issues, including global warming, pollution, sustainability, population growth, animal welfare, and the relationship between the human
and the natural. (Course offered in alternate years; scheduled for 2019-2020.)

Credits:
4
Degree Requirements:
F1

An exploration of central problems in contemporary philosophy of religion, such as the arguments for the existence of God, the problem
of evil, the meaningfulness of theological language, and the relationship of faith and reason. (Course offered in alternate years; scheduled
for 2019-2020.)

Credits:
4
Degree Requirements:
F1

A seminar in which topics of current interest are presented and discussed. Topics may involve both classical and contemporary
philosophical texts. Typically, topics focus on issues that raise significant moral questions in contemporary society.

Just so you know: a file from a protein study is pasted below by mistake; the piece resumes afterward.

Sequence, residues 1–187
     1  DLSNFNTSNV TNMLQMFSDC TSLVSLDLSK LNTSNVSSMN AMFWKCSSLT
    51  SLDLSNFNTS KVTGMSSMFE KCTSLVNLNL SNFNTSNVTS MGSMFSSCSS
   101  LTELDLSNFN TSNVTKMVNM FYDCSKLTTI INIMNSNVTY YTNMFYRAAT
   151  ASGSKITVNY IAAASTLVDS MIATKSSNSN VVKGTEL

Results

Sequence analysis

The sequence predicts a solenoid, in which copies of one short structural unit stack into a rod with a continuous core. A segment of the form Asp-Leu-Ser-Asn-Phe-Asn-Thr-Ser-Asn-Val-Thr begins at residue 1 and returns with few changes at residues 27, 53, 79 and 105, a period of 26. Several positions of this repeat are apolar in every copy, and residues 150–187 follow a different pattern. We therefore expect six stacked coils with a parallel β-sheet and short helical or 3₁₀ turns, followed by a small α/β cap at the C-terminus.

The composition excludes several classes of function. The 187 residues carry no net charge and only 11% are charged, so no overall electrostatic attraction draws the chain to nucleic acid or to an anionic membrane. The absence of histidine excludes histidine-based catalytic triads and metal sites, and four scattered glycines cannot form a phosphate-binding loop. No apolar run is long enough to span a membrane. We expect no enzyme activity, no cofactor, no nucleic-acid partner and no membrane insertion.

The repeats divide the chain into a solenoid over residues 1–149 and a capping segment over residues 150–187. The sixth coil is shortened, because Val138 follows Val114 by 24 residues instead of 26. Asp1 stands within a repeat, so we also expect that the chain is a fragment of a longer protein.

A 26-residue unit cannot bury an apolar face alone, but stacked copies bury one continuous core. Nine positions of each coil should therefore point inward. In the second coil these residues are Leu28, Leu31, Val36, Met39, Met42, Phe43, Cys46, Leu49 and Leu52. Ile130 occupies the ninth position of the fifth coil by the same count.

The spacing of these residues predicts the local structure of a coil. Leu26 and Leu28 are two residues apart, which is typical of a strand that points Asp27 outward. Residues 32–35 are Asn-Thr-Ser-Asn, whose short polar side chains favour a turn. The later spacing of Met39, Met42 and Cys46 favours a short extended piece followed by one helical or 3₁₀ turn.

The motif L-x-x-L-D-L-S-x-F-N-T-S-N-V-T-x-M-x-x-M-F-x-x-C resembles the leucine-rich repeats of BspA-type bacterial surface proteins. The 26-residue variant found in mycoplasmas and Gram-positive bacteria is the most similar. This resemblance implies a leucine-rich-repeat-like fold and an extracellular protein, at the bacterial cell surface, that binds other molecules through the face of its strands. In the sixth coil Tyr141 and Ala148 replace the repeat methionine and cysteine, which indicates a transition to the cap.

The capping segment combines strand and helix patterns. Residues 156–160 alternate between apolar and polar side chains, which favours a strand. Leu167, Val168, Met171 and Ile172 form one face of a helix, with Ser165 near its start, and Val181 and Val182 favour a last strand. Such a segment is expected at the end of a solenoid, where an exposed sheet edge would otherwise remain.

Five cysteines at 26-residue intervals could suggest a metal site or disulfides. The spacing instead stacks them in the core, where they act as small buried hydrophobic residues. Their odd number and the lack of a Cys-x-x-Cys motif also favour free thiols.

Credits:
4

An examination of the advent and evolution of the concept of “race,” how it has been treated philosophically, and its application to
ethics, metaphysics, epistemology, scientific methodology, and politics. (Course offered in alternate years; scheduled for 2018-2019.)

Credits:
4
Degree Requirements:
F11

A philosophical examination of education with attention to issues in ethics (what values should guide education?), metaphysics (do we
educate the whole or only part of the person?), and epistemology (what is knowledge and is it the goal of education?). (Course offered in
alternate years; scheduled for 2018-2019.)

Credits:
4
Degree Requirements:
F2i

The Philosophy of Language attempts to understand the nature of language and its relationship to speakers, their thoughts, and the world.
In this introductory course in the Philosophy of language students examine views on the nature of meaning, reference, truth, the
relationship between language and our speech acts, and the role language plays in our thought. (Course offered in alternate years;